The Real Systemic Risk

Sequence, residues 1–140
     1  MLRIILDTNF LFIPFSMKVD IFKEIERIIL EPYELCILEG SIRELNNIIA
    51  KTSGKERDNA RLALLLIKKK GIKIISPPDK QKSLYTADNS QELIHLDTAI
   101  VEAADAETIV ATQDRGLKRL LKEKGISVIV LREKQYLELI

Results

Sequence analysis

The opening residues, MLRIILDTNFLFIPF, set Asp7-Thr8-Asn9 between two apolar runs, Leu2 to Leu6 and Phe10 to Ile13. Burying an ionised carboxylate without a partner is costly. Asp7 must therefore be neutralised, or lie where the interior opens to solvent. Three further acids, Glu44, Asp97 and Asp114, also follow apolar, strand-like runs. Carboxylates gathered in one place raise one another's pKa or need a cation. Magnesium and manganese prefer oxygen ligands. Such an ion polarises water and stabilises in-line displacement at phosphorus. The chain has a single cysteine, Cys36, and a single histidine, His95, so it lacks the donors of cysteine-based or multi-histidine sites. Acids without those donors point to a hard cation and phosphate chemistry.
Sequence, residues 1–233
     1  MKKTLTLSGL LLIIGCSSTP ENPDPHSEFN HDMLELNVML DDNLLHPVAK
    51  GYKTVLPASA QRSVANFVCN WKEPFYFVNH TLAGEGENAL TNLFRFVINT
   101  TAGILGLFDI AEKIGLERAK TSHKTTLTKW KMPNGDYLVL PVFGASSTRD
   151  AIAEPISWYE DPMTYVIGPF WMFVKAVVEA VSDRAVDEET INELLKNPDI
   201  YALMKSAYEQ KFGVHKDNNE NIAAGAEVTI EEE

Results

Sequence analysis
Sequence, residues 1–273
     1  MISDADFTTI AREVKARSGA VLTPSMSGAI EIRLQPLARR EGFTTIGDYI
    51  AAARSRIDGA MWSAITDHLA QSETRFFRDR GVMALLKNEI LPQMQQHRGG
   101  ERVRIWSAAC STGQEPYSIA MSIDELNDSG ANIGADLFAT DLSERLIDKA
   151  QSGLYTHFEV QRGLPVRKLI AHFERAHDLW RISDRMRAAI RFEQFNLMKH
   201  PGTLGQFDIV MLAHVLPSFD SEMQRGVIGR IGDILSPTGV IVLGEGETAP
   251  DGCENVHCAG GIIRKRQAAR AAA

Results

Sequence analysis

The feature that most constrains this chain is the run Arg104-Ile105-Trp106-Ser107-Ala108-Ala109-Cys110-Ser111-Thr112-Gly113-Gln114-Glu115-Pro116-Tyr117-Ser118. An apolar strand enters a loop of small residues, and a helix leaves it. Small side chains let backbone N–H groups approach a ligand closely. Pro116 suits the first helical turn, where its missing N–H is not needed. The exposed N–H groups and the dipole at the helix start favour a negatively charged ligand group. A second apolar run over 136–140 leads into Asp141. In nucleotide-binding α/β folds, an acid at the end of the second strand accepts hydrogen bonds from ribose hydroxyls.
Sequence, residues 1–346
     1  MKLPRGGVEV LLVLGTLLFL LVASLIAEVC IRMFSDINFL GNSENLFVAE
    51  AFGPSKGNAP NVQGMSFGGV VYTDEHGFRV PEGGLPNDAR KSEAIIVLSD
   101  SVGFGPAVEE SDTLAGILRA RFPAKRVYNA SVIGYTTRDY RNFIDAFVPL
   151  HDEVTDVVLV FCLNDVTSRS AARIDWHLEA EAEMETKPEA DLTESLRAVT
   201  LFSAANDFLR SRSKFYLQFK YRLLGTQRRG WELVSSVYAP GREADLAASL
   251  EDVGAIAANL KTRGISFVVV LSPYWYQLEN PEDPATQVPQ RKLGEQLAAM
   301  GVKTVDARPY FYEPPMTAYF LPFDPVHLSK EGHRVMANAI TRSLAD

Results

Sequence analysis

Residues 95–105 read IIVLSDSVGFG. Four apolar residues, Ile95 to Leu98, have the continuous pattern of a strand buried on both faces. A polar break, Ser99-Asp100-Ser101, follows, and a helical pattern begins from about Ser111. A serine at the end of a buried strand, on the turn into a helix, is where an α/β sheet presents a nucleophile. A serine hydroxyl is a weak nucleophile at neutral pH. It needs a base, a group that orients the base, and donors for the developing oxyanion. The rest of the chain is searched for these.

SUBHEAD: Euro-Fix? We're counting down the days, weeks, maybe months. Volatility, chaos, what’s next? Mayhem?! Image above: "The Valley of the Shadow of Death" by James Gillray. Political satire of Europe in 1808. From ( By Ilargi on 10 May 2010 in The Automatic Earth - ( I think I’ve managed to tie together the Euro "rebirth", UK PM Gordon Brown's resignation and the Gulf oil wank. And it goes beyond stating that they’re all ugly. Both Brown's decision to quit and the EU's decision to move to quantitative easing come way too late. Moreover, both are, were, always would be and always will be, the worst possible options available. The EU should at the every least have done their trillion dollar deal at the same time the US did it, not some 12-18 months later. What are they thinking? But by the same token, the US deal has been a miserable failure, and so will the EU one, only, inevitably, because of the time delay involved, a worse one. While the US $trillions bought the world about a year of hologrammic hallucinations of green pastures in better times to come, the EU plan will be lucky if its "positive" effect lasts a month. Or even a week. Talk about bang for your buck. Since everyone and their pet parrot was shorting everything they could lay their hands on with their eyes closed last week, on Monday European stocks went up 5-6 even 10%, and Wall Street a still jubilant 4%. Nothing rose more than European financials, of course, because the $1 trillion plan proudly announced by a bunch of "leaders" who neither speak each other's languages nor can stand the sight of one another unless there’s political gain to be had was and is about those financial institutions all the way. So what about tomorrow? Under the pretense of saving the world itself, and perhaps because at least some of them actually think it's one and the same thing, it's all about propping money into European banks. And not just the Eurozone banks either, as can be seen in the numbers: the biggest gains on Wall Street today were for UK banks: Barclays up 16.18%, Lloyd’s: 13.95%, and RBS: 15.15%. The much heralded (if only for a day) European plan serves not to save countries and solve their deficits, it serves instead to save the banks that are exposed to these countries' debt. Every European citizen -and, through the IMF, Americans and Canadians (and all the other IMF "constituents")-, pay to 'save' Deutsche Bank, Société Générale, Crédit Agricole, and all the rest of them from having to fess up and pay up their gambling losses. We heard that tale before. And if there were only a reasonably chance of such a scheme succeeding, I would understand to a certain -albeit low- degree why Europe's democratically elected dimmer switches are creating this tragedy, which is much bigger than they could ever dream to be. But there's no such chance, none. European "leaders", like their US counterparts, are -or pretend to be- under the illusion that to save their economy they have to fork over truckloads of taxpayer money in order to preserve the very institutions that played instrumental parts in causing that very crisis. The argument used to defend this kind of policy measure is encapsulated in the term "systemic risk". But, if you take a second or two to think about it, that is a fake argument. The real, the main, the major systemic risk is not in the banking or even the economic system. It’s in the political system. And neither of them can or will eventually be saved. The real systemic risk lies in the fact that politicians the world around operate on the premise that if they don't rock the cradle of the banking herd too hard, they'll survive to receive another round of hand outs and serve another term. And another. That and most of them are absolutely clueless when it comes to the field they’re supposed to oversee and regulate. And the only people who can tell them how and what are the lobbyists who work for the very parties they’re there to regulate. That is real systemic risk. The kind that would affect you yourself. The political system versus the economic system. And they have become hard to tell apart, because they serve the same purpose. The link to the oil disaster? Halliburton poured cement into "the hole" based on depth information they received from BP. Turned out, the problem was way deeper, and the pressure, therefore, was way stronger. And then it all blew. What better metaphor for all of you to understand what’s going on in the marketplace today? The EU pours $1 trillion down the hole, but the hole is far deeper than anyone seems to realize. Perfect metaphor. The markets in the days to come? Volatility rules. While all the stock exchanges had their lofty gains, the euro was at $1.2752 Friday afternoon, and it’s at $1.2757 right now. Does this require any further explanation? We're counting down the days, weeks, maybe months. Volatility, chaos, what’s next? Mayhem?! .

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